Your Best Digs awarded Dawn Platinum Power Clean second place on their list of 14 dish soaps. Ajax came in at number 13 but was the best pick for folks on a budget.

The Spruce awarded Dawn Ultra Dishwashing Soap as the best budget dish soap. They loved that a little goes a long way, it has excellent grease-cutting power, and it’s gentle on sensitive skin. 

Overall, Dawn wins more accolades than Ajax. Although Ajax gets some recognition, the overarching message is that Dawn is more powerful and does a better job with less soap.


Have you ever wondered how dish soap actually works? Well, chemically speaking, soap has two poles. One end is hydrophilic, which means it loves water. The other end is hydrophobic, which hates water. These molecular components work together. One end grabs onto the oils and grease, and the other end grabs onto the water.

So what does this mean when it comes to washing your dishes? When you rinse the cookware, one end of the soap molecule lifts the dirt from the pots and pans, while the other attaches to the water, so the dirt, grease, grime, and water wash away together.

Let’s take a look at the ingredients used to make Dawn and Ajax dish soap.

Let’s start with Dawn. (Note: You can get more information about the ingredients on Dawn-Dish.com)

Here’s a look at the ingredients on the label of Dawn dish soap.

Dawn Dish Soap Ingredients
Dawn Dish Soap Ingredients

If it’s difficult to read, I’ve also listed the ingredients below:

  • Water
  • Sodium lauryl sulfate, sodium laureth sulfate, and C10-16 Alkyldime-thylamine Oxide: the surfactants — these provide and boost the cleaning power.
  • Alcohol denat, PPG-26, and Phenoxyethanol: solvents that stabilize the formula.
  • Sodium chloride: a salt used to thicken the formula.
  • Sodium hydroxide: balances the formula’s pH level.
  • Pei-14 Peg-24/Ppg-16 Copolymer: another boosting cleaning agent.
  • Fragrances: add scent to the products.
  • Methylisothiazo-linone: a non-formaldehyde preservative.
  • Blue, yellow and red colorants: add color to the product.
  • C9-11 Pareth-8: a cleaning agent for gentle soil removal.
  • Styrene/Acrylates Copolymer: makes the product opaque.
  • Tetrasodium Glutamate Diacetate: softens the water to help with soil removal.
  • Chloroxylenol: an antibacterial agent, decreases bacteria on the skin when used as a hand soap.
  • Phenoxy-isopropanol: a solvent which enhances grease-cutting power.
  • Glycerin, Sodium Cumene-sulfonate, Propylene Glycol, and Terpineol: stabilize the product.

The Dawn Free & Clear Dishwashing Liquid is made with biodegradable cleaning ingredients and includes essential oils rather than synthetic fragrances.

Ajax lists their ingredients for every item on Ajax.com, but let’s look at one of its most popular soaps: Ultra Triple Action Orange.

  • Water: for consistency.
  • Ammonium C12-15 Pareth Sulfate and Lauramidopropylamine Oxide: cleaning and foaming agents.
  • SD Alcohol 3-A: controls thickness and clarity.
  • Sodium Chloride and Poloxamer 124: also control thickness.
  • Fragrance: added for the pleasant scent.
  • Methylisothiazolinone Benziosothiazolinone: a preservative.
  • Pentasodium Pentetate and Sodium Bisulfite: maintains stability.
  • Dyes: add color.

Ajax claims this soap is made with 100% real citrus extracts.

The key takeaway is that both brands use a mix of water, surfactants, solvents, stabilizers, dyes, and fragrances, but the exact formulas differ. If you’re looking for a more natural dish soap, you might want to consider brands like Puracy and Seventh Generation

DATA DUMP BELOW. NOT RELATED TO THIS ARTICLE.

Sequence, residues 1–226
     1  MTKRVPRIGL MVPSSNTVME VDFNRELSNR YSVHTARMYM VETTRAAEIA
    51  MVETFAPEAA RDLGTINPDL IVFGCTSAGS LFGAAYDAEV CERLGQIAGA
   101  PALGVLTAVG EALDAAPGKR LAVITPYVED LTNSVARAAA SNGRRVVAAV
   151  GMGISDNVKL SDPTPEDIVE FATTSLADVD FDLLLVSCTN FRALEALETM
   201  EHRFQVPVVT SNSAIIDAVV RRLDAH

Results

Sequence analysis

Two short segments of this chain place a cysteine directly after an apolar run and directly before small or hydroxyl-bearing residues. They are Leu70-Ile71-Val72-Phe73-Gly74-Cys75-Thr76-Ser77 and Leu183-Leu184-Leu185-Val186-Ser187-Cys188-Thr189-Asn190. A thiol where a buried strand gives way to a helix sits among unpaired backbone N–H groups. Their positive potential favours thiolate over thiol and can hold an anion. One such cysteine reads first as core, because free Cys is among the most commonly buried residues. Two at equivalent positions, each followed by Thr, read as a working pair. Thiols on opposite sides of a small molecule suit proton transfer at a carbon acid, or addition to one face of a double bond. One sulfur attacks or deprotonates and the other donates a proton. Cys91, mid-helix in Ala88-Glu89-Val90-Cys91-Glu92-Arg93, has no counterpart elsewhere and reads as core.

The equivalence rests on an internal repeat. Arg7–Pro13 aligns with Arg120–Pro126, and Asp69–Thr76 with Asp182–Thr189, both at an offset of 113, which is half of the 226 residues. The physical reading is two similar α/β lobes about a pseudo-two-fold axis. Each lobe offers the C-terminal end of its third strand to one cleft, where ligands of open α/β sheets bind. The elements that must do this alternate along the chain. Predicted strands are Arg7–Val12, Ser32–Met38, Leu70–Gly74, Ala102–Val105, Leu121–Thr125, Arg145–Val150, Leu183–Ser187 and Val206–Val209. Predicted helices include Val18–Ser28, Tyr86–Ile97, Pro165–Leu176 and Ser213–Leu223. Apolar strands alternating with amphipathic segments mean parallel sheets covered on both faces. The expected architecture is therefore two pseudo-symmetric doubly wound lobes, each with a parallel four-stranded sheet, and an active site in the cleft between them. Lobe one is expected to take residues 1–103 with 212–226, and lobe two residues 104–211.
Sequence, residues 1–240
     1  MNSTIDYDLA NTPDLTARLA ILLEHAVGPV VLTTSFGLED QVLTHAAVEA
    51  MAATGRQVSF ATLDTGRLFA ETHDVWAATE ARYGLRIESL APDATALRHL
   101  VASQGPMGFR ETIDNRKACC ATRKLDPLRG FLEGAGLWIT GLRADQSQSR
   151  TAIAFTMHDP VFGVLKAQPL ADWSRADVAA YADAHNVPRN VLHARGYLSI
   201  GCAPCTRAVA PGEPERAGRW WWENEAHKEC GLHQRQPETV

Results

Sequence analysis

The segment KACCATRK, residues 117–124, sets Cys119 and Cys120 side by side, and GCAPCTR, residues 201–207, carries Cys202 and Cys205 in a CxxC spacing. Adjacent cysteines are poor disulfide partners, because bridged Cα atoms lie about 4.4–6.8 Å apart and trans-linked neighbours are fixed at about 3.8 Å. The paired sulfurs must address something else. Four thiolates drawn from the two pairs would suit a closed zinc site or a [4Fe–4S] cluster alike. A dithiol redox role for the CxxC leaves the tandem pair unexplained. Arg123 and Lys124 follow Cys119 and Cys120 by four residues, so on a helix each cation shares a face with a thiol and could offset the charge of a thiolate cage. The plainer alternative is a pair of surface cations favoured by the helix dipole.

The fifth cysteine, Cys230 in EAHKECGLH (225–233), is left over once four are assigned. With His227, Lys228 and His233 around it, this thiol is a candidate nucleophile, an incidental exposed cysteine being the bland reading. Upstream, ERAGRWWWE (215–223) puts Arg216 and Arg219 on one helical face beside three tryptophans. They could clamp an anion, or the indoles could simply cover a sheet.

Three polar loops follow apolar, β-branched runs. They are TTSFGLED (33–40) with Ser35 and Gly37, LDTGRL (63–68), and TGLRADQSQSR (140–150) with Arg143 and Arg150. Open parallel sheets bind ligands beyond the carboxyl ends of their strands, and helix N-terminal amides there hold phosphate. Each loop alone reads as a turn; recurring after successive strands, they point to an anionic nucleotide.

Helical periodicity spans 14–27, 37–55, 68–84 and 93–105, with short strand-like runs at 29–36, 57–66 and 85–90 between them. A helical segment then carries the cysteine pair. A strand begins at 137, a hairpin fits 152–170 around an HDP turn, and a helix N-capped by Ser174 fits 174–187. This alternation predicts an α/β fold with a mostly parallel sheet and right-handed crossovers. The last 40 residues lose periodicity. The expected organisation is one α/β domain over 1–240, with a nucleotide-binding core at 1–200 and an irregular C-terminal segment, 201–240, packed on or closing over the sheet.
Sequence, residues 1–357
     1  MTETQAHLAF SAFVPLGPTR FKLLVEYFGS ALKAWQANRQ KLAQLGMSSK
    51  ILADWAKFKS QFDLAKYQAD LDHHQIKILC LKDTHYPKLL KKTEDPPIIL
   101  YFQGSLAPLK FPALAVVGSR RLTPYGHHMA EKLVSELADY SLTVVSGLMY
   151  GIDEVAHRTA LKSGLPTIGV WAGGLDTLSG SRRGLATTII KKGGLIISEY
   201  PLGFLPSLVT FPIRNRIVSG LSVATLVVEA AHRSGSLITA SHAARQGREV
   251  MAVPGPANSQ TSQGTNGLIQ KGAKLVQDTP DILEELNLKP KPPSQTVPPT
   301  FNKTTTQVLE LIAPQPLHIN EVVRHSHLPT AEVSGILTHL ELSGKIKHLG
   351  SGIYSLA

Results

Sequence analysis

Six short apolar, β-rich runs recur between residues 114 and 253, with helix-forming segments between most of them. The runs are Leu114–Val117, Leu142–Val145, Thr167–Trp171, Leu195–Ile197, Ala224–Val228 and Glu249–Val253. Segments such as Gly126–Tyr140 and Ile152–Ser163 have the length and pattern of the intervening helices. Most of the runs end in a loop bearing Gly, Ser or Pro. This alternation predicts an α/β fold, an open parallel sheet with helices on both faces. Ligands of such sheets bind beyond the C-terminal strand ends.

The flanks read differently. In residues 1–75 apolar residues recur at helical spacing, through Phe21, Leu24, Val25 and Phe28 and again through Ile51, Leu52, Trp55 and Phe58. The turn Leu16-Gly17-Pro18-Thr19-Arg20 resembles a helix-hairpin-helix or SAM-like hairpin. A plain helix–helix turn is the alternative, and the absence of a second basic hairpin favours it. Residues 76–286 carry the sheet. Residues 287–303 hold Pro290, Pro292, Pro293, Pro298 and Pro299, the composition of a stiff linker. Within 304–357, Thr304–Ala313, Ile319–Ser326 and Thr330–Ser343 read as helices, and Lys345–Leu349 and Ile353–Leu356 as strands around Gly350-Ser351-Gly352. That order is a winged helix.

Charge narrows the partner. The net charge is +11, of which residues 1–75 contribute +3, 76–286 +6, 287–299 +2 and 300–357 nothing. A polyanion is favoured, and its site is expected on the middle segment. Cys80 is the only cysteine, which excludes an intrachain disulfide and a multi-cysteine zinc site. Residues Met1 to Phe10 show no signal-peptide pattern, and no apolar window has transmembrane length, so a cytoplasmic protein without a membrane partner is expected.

When you compare the cost per fluid ounce, Dawn is generally more expensive than Ajax.

However, since Dawn is more potent, you don’t need to use as much.

Some Dawn formulas cost more than others. For example, Dawn Platinum has 4x more grease-cutting power, so it’s generally a bit more expensive.

If you opt for the Dawn Platinum Spray, expect to pay a higher price because it helps you control your usage. You might pay more now, but over time, you’ll save money and waste less soap.

Below is a list of both Dawn and Ajax dish soap so you can compare prices.

Bottom line—dish soap is cheap, and the difference in cost between Ajax and Dawn is minimal. Therefore, price shouldn’t be a deciding factor.

FAQs About Dawn and Ajax

Now, I’ll answer some of the most frequently asked questions about Dawn and Ajax dish soap.

Does Dawn and Ajax dish soap kill bacteria?

Dish soap doesn’t kill bacteria, but it can wash it away. To kill bacteria and disinfect your dishes, you should use super hot water — at least 140°F.

However, Dawn Ultra Bacterial Hand Soap and Dishwashing Liquid combats bacteria on your hands, although it doesn’t state it will kill it, nor does it say it will kill bacteria on the dishes.  

Ajax Ultra Triple Action Orange works similarly, killing bacteria on your hands when you wash for 20 seconds but not necessarily destroying bacteria on the dishes.

Can Dawn and Ajax be used to wash your hands?

If you’re out of hand soap — sure! However, hand soap often contains moisturizers, leaving hands soft and smooth. Dish soap contains quite a  few cleaning agents, so it might leave your hands rough and dry. Because of this, I don’t recommend using Dawn and Ajax as a permanent alternative to hand soap.

Can you put Dawn and Ajax dish soap in the dishwasher?

I don’t recommend it because dish soap creates suds, and dishwasher detergent is designed specifically to NOT create suds. If you use dish soap in the dishwasher, suds will overflow the machine, spill onto your floors, and potentially cause significant damage (at the very least, it will cause a huge mess). Ajax advises against using its soap in the dishwasher on its website.